Programmers frequently experiment with software that may be outside of the anticipated parameters or try to predict how users will provide information. 

The foundation for the usage of defensive programming is the code itself, which is written to be able to accept unusual input without crashing or running into an error event.

What is Defensive Programming Example?

Code employed in space exploration missions is one example of defensive programming.

Once created, that code is launched into space. That’s lost labor costing billions of dollars if it fails.

You must take drastic actions for such a type of code. No matter what, the code must execute appropriately without crashing.

This software differs significantly from most others. 

Bugs don’t usually pose a significant issue with the common application. 

Even if your application has bugs, it could still be helpful. 

The worst-case scenario is that an issue can be manually repaired by contacting customer support. 

The software can be crashed and restarted if it becomes useless. 

If it’s back-end software, it’s presumably operating on several servers. 

If it’s a client, the user can manually restart the application. The server code can be updated in the worst-case scenario. Even physically visiting a server and continuing it manually is an option.

But you can’t do it with specific essential software. The program must function properly at all times.

People’s imperfections are the problem. Not to add that the software has no control over other potential issues (such as operating system errors). As a result, the software might not succeed.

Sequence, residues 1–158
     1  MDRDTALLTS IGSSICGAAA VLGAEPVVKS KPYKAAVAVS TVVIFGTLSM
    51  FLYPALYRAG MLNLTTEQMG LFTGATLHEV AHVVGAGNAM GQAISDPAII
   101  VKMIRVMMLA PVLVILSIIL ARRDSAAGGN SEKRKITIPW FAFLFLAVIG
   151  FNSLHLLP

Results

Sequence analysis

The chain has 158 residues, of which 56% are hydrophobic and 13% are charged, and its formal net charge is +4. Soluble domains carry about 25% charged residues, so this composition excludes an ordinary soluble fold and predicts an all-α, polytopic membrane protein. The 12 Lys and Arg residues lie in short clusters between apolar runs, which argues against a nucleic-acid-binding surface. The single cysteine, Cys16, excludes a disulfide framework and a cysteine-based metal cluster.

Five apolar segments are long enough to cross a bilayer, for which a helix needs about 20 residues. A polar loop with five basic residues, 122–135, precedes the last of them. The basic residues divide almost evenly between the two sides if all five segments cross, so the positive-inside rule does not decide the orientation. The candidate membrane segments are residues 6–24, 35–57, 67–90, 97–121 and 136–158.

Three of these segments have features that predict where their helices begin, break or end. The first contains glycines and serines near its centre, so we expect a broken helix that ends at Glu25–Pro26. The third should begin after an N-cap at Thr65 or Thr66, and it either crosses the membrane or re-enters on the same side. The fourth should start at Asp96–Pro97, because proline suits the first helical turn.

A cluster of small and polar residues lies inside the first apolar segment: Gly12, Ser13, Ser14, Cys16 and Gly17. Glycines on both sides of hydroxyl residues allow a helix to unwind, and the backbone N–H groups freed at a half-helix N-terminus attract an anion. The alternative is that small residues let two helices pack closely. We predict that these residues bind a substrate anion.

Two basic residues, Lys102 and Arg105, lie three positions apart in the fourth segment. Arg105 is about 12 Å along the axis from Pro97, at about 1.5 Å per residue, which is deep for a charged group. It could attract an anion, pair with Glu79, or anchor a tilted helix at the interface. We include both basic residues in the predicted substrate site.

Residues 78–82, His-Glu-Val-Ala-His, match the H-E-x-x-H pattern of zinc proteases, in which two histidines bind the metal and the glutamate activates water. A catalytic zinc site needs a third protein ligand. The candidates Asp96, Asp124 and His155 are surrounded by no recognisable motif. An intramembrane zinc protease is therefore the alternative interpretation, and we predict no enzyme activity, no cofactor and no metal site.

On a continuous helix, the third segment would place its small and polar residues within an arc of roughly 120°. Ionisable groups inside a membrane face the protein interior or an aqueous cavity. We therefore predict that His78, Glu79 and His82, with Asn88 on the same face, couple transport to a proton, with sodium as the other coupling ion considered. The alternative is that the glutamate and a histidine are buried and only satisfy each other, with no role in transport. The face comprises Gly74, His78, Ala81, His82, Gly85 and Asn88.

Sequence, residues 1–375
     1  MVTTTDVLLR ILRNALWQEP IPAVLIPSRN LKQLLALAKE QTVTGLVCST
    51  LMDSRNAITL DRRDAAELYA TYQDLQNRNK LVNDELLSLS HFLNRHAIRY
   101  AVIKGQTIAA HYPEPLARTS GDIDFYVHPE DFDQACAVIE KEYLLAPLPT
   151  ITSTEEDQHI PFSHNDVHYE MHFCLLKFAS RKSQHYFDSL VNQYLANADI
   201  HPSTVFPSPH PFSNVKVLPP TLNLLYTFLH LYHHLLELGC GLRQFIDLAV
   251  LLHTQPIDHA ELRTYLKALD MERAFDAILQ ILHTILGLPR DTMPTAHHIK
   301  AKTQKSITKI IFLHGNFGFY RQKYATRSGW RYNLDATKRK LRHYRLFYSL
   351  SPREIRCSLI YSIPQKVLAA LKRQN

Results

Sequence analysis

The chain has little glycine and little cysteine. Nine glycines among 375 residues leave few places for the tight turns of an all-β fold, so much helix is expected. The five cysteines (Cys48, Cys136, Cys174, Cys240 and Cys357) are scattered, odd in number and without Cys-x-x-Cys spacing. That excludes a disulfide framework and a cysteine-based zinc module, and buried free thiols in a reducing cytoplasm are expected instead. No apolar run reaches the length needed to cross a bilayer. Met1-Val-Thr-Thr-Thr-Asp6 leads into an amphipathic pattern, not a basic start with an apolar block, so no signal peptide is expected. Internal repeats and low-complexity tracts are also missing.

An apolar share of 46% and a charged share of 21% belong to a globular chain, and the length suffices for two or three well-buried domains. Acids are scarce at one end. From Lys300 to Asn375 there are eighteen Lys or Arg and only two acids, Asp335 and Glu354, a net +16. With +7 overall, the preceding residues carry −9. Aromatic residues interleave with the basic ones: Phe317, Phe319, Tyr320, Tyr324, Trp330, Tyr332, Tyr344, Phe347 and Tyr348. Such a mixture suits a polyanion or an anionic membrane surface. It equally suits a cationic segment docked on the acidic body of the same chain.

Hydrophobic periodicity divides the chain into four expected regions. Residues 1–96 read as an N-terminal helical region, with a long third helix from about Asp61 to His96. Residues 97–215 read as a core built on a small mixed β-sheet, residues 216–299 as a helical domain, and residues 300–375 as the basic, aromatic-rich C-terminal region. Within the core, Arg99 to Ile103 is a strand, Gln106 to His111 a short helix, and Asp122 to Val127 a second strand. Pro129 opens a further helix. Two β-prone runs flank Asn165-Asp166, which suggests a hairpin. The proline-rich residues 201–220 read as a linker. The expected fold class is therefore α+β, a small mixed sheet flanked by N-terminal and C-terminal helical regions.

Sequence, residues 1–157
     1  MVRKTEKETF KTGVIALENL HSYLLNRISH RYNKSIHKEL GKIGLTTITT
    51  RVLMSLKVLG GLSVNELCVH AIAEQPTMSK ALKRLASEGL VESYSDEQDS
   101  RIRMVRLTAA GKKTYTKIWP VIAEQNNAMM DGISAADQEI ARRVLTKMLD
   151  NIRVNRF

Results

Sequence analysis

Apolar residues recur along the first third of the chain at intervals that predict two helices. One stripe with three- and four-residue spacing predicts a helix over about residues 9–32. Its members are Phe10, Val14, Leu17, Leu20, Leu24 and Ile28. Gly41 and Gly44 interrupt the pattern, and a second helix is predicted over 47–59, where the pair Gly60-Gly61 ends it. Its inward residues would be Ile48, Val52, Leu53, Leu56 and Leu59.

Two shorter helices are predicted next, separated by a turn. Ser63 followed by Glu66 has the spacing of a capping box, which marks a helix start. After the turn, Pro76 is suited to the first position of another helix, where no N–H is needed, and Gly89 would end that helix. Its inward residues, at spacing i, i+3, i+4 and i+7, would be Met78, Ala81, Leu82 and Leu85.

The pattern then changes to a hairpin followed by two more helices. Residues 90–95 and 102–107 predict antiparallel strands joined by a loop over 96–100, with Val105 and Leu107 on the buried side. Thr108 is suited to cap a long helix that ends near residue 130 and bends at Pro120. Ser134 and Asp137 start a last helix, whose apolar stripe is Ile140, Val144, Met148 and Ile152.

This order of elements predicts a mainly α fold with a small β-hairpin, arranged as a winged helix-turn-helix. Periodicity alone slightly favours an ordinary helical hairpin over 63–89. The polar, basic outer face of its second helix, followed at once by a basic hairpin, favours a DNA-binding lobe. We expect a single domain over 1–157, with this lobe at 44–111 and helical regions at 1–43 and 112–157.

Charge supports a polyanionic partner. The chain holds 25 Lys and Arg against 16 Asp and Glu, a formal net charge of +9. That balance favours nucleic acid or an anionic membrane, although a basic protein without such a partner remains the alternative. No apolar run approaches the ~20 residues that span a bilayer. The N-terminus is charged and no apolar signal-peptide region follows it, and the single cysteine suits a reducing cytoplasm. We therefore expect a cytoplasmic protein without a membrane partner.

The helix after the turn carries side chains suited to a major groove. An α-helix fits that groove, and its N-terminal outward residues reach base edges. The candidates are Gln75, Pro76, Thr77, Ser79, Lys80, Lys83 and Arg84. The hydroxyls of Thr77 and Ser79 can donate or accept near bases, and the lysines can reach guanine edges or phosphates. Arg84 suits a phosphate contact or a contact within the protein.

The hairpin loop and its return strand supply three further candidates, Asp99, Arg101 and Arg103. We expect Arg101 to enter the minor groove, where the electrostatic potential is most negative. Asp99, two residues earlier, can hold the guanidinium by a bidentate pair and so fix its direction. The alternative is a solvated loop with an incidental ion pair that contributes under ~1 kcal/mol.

However, with specific applications, that is not an option.

You must thus take all reasonable steps to avoid failure.

The Difference Between Design By Contract & Defensive Programming

Defensive programming and design by contract are in some ways in opposition to one another since, with DBC, you set the agreements between collaborators and build your programs on the premise that they will be upheld. 

When programming defensively, you assume that your colleagues will break their agreements.

A real square root procedure designed in the DBC style would explicitly indicate in its contract that negative numbers are not permitted to be passed in and then just presume that it would never come across a negative value. 

A defensively constructed square root method would presume a negative value has been provided to it and perform the necessary safety measures.

Why is Design By Contract Not Popular?

The fundamental issue with DBC is that it is frequently impossible to specify the contract formally (at least not efficiently) or to validate it using a static analysis tool. 

DBC won’t offer the level of confidence consumers require until we go past this stage for common languages (not Eiffel).

In test-driven development (TDD), humans generate tests based on the method’s present natural-text requirements, which are (ideally) well-documented. 

So, by creating the test, a human may understand accuracy and receive some confidence based on that interpretation.

It states that the documentation should spell out a contract adequate to provide a test plan for producing JavaDocs. 

But, all in all, design by contract and TDD need not necessarily be mutually incompatible.